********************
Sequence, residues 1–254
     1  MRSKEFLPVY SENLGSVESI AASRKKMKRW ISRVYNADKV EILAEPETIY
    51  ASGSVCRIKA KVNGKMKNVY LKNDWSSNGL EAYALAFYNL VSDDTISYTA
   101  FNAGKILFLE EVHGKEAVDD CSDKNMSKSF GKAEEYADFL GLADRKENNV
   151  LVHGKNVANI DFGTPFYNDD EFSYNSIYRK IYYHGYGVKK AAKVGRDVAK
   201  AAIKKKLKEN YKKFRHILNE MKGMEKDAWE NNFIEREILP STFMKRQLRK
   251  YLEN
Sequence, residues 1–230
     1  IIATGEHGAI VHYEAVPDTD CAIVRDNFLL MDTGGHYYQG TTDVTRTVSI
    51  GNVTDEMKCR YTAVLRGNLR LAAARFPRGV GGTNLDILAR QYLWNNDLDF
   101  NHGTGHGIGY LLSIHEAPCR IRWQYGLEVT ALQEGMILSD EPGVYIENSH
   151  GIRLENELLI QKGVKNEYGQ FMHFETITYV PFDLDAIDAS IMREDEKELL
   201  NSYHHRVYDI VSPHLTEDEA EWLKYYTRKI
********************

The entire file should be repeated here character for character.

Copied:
Sequence, residues 1–254
     1  MRSKEFLPVY SENLGSVESI AASRKKMKRW ISRVYNADKV EILAEPETIY
    51  ASGSVCRIKA KVNGKMKNVY LKNDWSSNGL EAYALAFYNL VSDDTISYTA
   101  FNAGKILFLE EVHGKEAVDD CSDKNMSKSF GKAEEYADFL GLADRKENNV
   151  LVHGKNVANI DFGTPFYNDD EFSYNSIYRK IYYHGYGVKK AAKVGRDVAK
   201  AAIKKKLKEN YKKFRHILNE MKGMEKDAWE NNFIEREILP STFMKRQLRK
   251  YLEN
Sequence, residues 1–230
     1  IIATGEHGAI VHYEAVPDTD CAIVRDNFLL MDTGGHYYQG TTDVTRTVSI
    51  GNVTDEMKCR YTAVLRGNLR LAAARFPRGV GGTNLDILAR QYLWNNDLDF
   101  NHGTGHGIGY LLSIHEAPCR IRWQYGLEVT ALQEGMILSD EPGVYIENSH
   151  GIRLENELLI QKGVKNEYGQ FMHFETITYV PFDLDAIDAS IMREDEKELL
   201  NSYHHRVYDI VSPHLTEDEA EWLKYYTRKI